EL&P: MDU Resources recently sold the power plant it owned in Brazil. What kind of lessons did you learn?
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Hildestad: We confirmed that if we stick to what we know we can be profitable and build value for the shareholders. We focus on areas where we have the expertise and maintain our disciplined approach to growth. By sticking to our conservative financial approach, we are not going to pay too much for properties. We also found that if we were going to do business in Brazil, we would need to understand the business environment, so we formed an excellent Brazilian advisory board that worked closely with us as we developed our business plan. We still have that advisory board in place. As we moved into investing in Brazil, we were cautious and careful. That assisted a lot in our success. Our investment in the 220 MW plant in Brazil provided excellent returns for our shareholders.
EL&P: Will overseas investments still play a role at MDU Resources?
Hildestad: If the right opportunity exists we’re very willing to continue to invest where our shareholders can receive a benefit.
EL&P: MDU Resources has acquired 100 companies since 1992. Will the recent repeal of PUHCA have any effect on your growth strategy? Are you concerned about takeover efforts?
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Hildestad: We are studying the potential impact of the repeal of PUHCA right now on our business units. There may be some opportunities to reduce some of the complexity in our structure. We’re still evaluating that. Are we concerned about takeover efforts? We have provided excellent short- and long-term returns for our shareholders, and I think that’s the best defense against a takeover attempt. Our stock price is performing very well, and our shareholders have benefited. If we continue to perform well, I don’t think anybody will be interested in seeing the ownership of our company change.
EL&P: Do you expect to see earnings increase at Construction Materials & Mining and Utility Services because of the massive rebuilding needed in areas of the country impacted by this year’s hurricanes?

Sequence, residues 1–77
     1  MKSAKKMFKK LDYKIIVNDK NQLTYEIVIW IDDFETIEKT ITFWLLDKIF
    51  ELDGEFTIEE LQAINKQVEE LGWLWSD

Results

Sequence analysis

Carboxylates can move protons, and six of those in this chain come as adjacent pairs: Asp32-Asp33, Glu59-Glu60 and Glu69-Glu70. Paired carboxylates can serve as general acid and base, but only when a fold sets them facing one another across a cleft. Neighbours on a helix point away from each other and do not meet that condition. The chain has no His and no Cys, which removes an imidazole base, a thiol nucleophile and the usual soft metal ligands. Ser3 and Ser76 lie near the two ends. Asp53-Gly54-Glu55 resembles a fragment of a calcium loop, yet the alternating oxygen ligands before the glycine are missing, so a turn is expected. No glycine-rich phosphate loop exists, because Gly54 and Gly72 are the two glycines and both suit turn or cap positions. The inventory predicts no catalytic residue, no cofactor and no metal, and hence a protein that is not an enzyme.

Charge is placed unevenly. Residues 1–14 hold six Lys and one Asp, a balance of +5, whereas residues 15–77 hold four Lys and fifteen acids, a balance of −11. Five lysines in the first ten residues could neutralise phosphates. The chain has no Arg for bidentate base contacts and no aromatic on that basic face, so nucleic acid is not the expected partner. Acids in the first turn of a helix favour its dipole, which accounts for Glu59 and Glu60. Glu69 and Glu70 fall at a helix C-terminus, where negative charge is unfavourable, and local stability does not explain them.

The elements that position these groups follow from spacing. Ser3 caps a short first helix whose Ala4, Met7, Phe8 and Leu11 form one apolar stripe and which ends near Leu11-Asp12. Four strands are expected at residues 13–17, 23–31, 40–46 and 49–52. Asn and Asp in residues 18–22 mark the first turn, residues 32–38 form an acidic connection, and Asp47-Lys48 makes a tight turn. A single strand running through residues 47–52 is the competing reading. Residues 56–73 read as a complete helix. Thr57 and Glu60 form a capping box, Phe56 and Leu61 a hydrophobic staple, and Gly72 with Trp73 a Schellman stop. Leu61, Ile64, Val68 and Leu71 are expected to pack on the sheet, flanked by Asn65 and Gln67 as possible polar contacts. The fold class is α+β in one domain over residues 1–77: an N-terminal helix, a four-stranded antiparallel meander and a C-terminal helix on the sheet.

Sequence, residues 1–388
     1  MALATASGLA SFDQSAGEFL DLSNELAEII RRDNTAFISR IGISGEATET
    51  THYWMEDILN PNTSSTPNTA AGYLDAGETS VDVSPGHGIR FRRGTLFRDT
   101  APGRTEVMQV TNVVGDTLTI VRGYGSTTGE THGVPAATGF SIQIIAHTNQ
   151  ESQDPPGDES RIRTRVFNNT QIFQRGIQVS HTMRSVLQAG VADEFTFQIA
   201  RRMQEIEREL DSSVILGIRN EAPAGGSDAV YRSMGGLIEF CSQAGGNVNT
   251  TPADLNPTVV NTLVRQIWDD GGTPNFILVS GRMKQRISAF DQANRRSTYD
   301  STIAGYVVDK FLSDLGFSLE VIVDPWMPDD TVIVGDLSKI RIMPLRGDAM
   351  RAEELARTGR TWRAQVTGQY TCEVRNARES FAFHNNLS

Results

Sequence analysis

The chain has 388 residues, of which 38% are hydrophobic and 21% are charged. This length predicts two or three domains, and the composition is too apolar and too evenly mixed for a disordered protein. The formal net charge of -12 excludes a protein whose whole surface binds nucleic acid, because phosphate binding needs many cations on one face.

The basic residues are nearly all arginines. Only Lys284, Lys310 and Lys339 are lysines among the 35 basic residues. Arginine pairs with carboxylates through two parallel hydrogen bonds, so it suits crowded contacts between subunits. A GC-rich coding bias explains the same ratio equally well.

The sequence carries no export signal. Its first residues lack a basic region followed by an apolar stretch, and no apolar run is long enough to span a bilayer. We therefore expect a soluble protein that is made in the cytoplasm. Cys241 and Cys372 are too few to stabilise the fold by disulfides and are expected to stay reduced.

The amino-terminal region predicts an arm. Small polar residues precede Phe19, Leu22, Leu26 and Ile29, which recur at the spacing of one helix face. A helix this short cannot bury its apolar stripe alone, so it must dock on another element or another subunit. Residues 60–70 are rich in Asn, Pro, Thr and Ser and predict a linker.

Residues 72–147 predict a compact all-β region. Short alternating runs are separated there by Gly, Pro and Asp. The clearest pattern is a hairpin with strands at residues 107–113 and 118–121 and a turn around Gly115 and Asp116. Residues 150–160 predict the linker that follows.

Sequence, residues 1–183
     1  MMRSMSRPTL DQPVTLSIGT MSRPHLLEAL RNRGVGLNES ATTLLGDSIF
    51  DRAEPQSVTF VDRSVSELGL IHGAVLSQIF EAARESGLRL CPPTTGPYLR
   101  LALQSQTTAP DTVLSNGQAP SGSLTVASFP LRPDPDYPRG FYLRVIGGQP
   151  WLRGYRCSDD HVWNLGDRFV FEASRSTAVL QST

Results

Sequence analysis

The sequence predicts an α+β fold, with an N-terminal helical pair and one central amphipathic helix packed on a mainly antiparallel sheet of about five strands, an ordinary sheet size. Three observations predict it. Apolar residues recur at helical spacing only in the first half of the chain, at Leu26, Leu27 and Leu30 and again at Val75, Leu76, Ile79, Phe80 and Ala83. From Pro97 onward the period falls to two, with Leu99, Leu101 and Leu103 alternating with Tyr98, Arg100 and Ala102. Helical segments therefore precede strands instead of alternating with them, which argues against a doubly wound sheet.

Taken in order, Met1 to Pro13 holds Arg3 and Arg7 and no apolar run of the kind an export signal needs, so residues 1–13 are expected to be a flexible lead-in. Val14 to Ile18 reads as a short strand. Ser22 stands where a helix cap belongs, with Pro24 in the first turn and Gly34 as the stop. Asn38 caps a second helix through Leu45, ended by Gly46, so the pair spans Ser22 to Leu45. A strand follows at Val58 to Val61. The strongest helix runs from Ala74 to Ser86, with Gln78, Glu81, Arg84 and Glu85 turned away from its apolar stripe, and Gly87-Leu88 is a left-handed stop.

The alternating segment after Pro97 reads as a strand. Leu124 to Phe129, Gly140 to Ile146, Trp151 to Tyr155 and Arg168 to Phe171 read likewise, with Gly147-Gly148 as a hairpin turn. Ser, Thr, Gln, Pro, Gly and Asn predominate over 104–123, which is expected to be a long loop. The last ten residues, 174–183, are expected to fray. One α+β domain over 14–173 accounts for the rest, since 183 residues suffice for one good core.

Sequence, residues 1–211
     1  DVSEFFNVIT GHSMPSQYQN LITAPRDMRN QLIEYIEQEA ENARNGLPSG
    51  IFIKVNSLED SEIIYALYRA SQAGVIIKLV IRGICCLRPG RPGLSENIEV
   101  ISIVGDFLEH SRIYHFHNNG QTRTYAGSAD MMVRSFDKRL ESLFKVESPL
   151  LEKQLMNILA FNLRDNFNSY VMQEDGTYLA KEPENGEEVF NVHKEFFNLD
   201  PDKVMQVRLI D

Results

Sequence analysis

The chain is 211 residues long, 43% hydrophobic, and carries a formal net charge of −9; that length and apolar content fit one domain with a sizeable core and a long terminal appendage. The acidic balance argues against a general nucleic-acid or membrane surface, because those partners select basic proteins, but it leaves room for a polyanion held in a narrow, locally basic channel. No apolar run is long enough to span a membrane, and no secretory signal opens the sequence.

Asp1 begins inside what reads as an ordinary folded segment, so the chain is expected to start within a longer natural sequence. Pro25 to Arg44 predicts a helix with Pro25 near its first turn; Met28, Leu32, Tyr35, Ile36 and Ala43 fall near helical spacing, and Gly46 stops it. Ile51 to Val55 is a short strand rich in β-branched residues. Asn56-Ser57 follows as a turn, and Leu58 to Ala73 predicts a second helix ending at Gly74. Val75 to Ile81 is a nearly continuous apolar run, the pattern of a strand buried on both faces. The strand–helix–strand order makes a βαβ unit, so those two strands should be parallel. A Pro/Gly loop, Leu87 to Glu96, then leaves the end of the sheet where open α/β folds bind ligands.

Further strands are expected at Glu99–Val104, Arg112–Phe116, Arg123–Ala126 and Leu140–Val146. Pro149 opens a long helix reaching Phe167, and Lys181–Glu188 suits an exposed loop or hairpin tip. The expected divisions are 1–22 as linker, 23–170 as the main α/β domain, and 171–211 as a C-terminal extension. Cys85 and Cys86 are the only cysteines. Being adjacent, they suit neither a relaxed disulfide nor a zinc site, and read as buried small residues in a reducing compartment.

Hildestad: MDU Resources doesn’t directly serve the impacted areas with our Construction Materials division. Our Utility Services business provided some electrical line crews to the damaged areas. They subcontracted those out to some of the companies doing the work down there, but we didn’t have a great involvement in that because our crews were fully deployed in other parts of the country. We had 37 employees and some trucks down there.
The area we really think may have a greater impact on the construction materials business is related to the recent passage of the federal highway bill. That legislation has earmarked $286.4 billion to be spent on transportation infrastructure over a 6-year period. That’s a 31 percent increase over the previous bill.
Our construction materials division is located across 11 states – actually 15 with our most recent acquisitions this quarter. About 65 percent of our work volume is related to public projects; last year that was $1.3 billion in revenue. We see the highway bill as causing increased opportunity for that business unit. We think our company will benefit from that rather than from the unfortunate tragedy of the hurricanes.
EL&P: Are you considering more activity in the IPP area?
Hildestad: We’re looking at opportunities in the IPP area, both domestically and internationally. We are currently finishing the construction of a 116-MW coal-fired facility in Hardin, Montana, that we hope will be in operation by year-end. We have the output of the plant under contract with Powerex currently. It’s a nice-sized coal plant. It’s the first one built in Montana in nearly 20 years.
EL&P: What plans does Montana-Dakota Utilities Co. have for new services and products?
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Hildestad: One of the things we are going to do at the utility is begin promoting EnergyStar appliances early next year. These are appliances that are energy efficient models that have been approved by the Energy Star association, which is an appliance industry group. They cover a broad range of products, from industrial products to kitchen units. That would be one area where we will be providing new services and products.